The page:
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Women in Manufacturing

For years, many manufacturers have been unable to attract and retain a quality workforce. Women are currently underrepresented in the manufacturing industry. For the manufacturers who realize this, it is a great opportunity to access talent to grow their business.

Women constitute one of the largest talent pools that has not been historically tapped for manufacturing. In 2019, women made up 49.5% of the payrolled labor force in Michigan. Michigan’s manufacturing workforce accounts for 27.5% of women. In regards to education, women earn more than half of all associate’s, bachelor’s, and master’s degrees. Data indicates that women are also advancing in their careers, holding more than half of all US managerial and professional positions.

Attract Women Into Manufacturing

Manufacturers are recognizing they need to attract women to the industry. In 2016, Deloitte released a report titled “Women in manufacturing: Stepping up to make an impact that matters.” The report highlights the importance of women in manufacturing, how manufacturers can cultivate an inclusive workplace and provides insights into attracting, retaining and supporting women.

Deloitte surveyed 600 women in manufacturing. The responses indicated progress has been made to attract women into manufacturing, but there is still a journey ahead for manufacturers to appeal to women. Here are a few highlights from the survey:

  • Less than 15 percent of women surveyed believe their industry is very accepting of family/ personal commitments and allows them to meet these commitments without impairing their career.

  • More than 4 out of 10 women surveyed are either responsible for the majority of household duties or share home responsibilities equally with their spouse or partner.

  • Nearly three quarters (72 percent) of women surveyed believe they are underrepresented in their organization’s leadership team, with a significantly higher share of junior management (78 percent) believing they are underrepresented when compared to senior management.

The top issues women identified on why they would leave the manufacturing industry are as follows: unattractive pay, lack of opportunities for advancement/ promotion, poor working relationships, work life balance issues, and lack of challenging assignments.

Moving Forward

In order to attract, retain and advance talented women in manufacturing, manufacturers need to think a little differently. Deloitte has recommendations for manufacturers who have a desire to tap into a talent pool that is knowledgeable, innovative and forward thinking.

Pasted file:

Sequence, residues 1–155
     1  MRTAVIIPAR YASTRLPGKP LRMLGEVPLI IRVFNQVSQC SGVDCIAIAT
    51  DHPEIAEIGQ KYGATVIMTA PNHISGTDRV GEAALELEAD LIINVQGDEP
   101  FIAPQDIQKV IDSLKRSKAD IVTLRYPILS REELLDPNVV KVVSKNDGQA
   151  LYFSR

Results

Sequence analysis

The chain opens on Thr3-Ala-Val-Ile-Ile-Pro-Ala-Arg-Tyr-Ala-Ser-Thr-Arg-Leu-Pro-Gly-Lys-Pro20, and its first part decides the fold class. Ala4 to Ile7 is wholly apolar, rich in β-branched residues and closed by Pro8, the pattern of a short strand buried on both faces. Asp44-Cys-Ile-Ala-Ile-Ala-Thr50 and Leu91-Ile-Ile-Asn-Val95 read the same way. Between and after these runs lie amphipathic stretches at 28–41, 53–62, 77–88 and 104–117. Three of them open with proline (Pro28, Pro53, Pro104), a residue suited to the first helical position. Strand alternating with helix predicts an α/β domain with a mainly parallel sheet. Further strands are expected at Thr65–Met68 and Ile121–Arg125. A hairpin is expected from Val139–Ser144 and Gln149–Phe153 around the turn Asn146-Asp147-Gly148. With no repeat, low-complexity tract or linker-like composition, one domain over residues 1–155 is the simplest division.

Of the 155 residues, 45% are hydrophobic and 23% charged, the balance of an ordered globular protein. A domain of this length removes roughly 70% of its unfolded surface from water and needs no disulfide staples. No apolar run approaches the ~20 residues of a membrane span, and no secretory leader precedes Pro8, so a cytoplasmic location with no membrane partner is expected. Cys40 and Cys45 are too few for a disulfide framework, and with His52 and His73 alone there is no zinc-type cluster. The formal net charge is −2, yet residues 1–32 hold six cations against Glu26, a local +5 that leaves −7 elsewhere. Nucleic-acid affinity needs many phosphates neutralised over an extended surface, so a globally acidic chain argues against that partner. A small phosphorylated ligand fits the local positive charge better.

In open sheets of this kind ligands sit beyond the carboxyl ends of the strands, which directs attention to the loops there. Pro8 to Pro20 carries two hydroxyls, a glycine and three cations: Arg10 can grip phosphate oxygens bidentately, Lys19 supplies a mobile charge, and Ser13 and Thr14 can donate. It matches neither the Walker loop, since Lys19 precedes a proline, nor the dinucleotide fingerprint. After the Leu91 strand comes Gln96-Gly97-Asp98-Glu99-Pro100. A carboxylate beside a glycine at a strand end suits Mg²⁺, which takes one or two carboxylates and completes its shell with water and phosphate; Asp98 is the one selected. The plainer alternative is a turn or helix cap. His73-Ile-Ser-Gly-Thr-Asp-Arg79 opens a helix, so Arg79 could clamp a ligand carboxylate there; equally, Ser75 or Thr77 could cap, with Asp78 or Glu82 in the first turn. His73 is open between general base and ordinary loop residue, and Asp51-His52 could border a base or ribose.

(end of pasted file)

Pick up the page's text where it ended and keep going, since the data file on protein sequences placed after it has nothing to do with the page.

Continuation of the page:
• Start at the top and lead by example. Respondents of the Deloitte survey believe industry bias towards men for leadership positions, organizational cultural norms, and the perception of the industry overall are the three primary factors for under representation of women.

  • Foster an innovative and inclusive culture that encourages gender diverse teams at all levels. Activate a culture that sparks diversity of thought and invites individuals to work together, spur innovation, and grow with purpose.

  • Tackle workplace diversity issues head-on and create strong signals of change. Company leaders need to address issues mentioned above and create a work environment that meets the needs of all employees. It is important to identify allies, men and women alike, to reinforce that gender gaps are not acceptable.

  • Drive organizational accountability. A common theme among executives interviewed is that they must take the lead in driving organizational accountability around increasing diversity and promoting a culture of inclusion.

  • Promote professional development. With women ranking opportunities for challenging and interesting assignments as a top motivator for staying in the manufacturing industry— along with identifying and increasing the visibility of key leaders who serve as role models for women.

Manufacturing is fast moving, innovative, creative and exciting to be part of. If manufacturers look beyond traditional talent pools to support their facility, they have an opportunity to access talent that will help move their businesses forward. Women is one talent pool, and there are many, many more.

A number of manufacturers have been asking MGA about culture and how to elevate culture as a priority. Leadership needs to pay close attention to culture to ensure team belonging, maintain productivity and employee retention.

MGA has a long-lasting partnership with Shepard Advisors. They are experts in helping growth minded companies navigate challenges and opportunities. We recently hosted a webinar on “Changing Culture Through Conversations.” We recorded the webinar to only be 30 minutes. If you would like to watch the webinar you can access it here.

Deloitte’s full report “Women in manufacturing: Stepping up to make an impact that matters” can be accessed here.


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